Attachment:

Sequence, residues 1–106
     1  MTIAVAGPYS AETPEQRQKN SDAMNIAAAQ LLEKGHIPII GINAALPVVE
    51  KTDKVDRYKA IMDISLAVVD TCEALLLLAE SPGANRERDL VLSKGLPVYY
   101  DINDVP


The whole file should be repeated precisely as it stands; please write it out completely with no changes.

Sequence, residues 1–106
     1  MTIAVAGPYS AETPEQRQKN SDAMNIAAAQ LLEKGHIPII GINAALPVVE
    51  KTDKVDRYKA IMDISLAVVD TCEALLLLAE SPGANRERDL VLSKGLPVYY
   101  DINDVP